Fri | May 24, 2019

Is LeBron still in Jordan’s shadow?

Published:Friday | May 29, 2015 | 12:00 AM
LeBron James of the Cleveland Cavaliers.

In a matter of days, the winners of the 2014-2015 NBA Championship will be decided. It's a dream final. If the organisers had scripted it from the start, this is exactly how they would want it.

Stephen Curry, the hottest star in the league this year, and his marauding Golden State Warriors will be taking on the Cleveland Cavaliers, led by the world's best player, LeBron James. The showdown will be a clash between the king and the pretender to the throne.

A lot more, though, is riding on the result of the NBA final. Michael Jordan's status as the best ever is now seriously being challenged. If LeBron can lead this Cavs team to the NBA title, his stock would now go through the roof. Michael Jordan's status as the greatest of all time is pretty much taken for granted. Another win for LeBron here and he would push his case to being further mentioned in the same breath. The difference in stats is not as far apart as some may believe.




If we examine their records, Jordan beats him on points per game, but LeBron edges out Jordan in terms of both assists and rebounds per game. Jordan has a slight edge on him in terms of steals and both average roughly the same number of blocks per game. If we accept that both rebounds and assists contribute towards teams' offensive thrusts, it's not far-fetched to say that LeBron was just as much of an offensive threat to opposing teams as Jordan ever was.

What is interesting is that they have the same approximate percentage in terms of accuracy from the field, both shooting at a little over 49 per cent, which means, theoretically, that when they both shoot from the field, they roughly have the same likelihood of hitting the target. People see Jordan as more the quality scorer only because Jordan was more likely to shoot, while LeBron sees himself as much a facilitator as a scorer. In the dying stages, with a game

on the line, Jordan virtually demanded the ball, while James will make the final pass just as much as he would shoot. Jordan has an assassin mentality; he wants the responsibility. But LeBron will more likely look for who he thinks is in the best position.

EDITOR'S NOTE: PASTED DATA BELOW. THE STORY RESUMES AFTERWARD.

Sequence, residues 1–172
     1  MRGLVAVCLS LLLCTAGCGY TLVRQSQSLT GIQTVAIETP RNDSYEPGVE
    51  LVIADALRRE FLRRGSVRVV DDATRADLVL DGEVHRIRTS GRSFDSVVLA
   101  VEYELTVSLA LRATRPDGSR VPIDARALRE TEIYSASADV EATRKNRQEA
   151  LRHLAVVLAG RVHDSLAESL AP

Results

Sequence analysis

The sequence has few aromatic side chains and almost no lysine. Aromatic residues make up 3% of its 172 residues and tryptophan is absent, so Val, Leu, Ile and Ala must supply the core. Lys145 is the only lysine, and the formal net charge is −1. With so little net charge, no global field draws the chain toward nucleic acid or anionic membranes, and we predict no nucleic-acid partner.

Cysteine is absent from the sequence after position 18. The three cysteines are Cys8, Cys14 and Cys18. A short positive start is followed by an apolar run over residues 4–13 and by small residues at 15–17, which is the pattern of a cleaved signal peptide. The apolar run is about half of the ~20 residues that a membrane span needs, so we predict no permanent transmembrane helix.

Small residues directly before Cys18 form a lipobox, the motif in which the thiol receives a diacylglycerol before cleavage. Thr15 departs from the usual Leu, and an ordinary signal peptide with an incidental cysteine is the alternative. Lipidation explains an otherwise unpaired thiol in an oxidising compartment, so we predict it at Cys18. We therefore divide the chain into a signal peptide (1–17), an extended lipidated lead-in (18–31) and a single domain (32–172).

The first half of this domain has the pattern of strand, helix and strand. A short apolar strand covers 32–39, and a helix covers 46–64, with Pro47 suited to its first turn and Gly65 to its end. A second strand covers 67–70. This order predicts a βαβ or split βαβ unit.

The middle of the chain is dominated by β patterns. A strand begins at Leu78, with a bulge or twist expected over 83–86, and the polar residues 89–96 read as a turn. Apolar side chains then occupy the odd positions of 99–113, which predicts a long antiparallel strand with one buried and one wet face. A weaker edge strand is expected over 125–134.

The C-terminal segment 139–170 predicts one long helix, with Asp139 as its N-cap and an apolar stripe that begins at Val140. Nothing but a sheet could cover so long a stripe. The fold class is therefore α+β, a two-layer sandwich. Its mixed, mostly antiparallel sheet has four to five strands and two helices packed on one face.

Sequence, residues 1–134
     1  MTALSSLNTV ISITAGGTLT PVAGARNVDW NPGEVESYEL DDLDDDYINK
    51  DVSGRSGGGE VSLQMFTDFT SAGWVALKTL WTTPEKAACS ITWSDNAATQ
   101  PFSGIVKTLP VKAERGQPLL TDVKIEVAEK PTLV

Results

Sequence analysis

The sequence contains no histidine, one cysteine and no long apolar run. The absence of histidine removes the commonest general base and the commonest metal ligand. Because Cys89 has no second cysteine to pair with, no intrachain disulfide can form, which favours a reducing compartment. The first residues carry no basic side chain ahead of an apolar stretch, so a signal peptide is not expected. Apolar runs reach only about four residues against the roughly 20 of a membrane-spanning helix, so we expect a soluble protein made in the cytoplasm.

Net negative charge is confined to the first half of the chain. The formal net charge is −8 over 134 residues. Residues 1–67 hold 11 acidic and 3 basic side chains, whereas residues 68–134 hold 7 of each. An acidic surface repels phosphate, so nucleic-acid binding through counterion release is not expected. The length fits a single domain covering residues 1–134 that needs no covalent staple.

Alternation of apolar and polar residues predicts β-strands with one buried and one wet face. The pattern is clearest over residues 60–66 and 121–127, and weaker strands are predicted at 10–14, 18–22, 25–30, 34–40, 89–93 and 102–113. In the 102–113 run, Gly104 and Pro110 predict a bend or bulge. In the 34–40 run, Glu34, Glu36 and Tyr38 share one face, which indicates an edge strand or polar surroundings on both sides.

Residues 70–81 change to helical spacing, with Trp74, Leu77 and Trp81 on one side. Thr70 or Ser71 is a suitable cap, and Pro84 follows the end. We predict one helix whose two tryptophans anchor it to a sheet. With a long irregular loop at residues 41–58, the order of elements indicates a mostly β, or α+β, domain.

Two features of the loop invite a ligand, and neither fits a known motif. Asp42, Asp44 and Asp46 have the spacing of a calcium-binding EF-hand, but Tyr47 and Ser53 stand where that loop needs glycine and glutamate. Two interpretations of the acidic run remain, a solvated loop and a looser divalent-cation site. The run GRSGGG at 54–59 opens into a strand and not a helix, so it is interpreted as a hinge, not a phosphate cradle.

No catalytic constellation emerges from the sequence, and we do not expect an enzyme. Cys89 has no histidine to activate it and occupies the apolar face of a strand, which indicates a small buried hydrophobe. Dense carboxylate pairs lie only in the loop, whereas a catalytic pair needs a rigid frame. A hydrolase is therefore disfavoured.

People will readily point to Jordan's six rings as the real tiebreaker. Jordan has been to the Promised Land half a dozen times, in comparison to two from LeBron, but I have long maintained that team results can never be a fair reflection of individual accomplishments. Jordan's six rings were won with teams that were superior to the ones on which LeBron played. That Bulls team in the 1990s was one of the all-time great teams, and they were being coached by Phil Jackson, a coach who is in the conversation for being the greatest coach of all time. LeBron has won two titles with Erick Spoelstra, who was still learning the ropes as a coach in Miami. The Cavs are now in the NBA final with a man coaching in the NBA for the first time. That ought not to be taken for granted.




People point out that LeBron has lost three finals, while Jordan made it to six finals, winning all six, was MVP in all six, while never allowing a Game Seven. We must see it in context. When LeBron went to the final in 2007, his Cavs team had overachieved and stood no chance against the Spurs, while he lost two finals with Miami when other stars just didn't pull their weight.

Still, Jordan's records in NBA finals take some doing. It is clear that the higher the stakes, the more Jordan had the ability to up the ante. He was more competitive, had a greater killer instinct than LeBron in big moments and with NBA titles on the line.

The ability to put it all on the line in big moments is coming into LeBron's game. He has taken a team that was never really runaway favourites and taken them within four games of the NBA title. He has done it not just with skill, but with will. His next two best players were either out for the season or severely handicapped at different stages. If he beats the Golden State Warriors with his team, one will now have to accept that he is right there with anybody who has ever played.

- Orville Higgins is a sportscaster and talk-show host at KLAS ESPN Sports FM. Email feedback to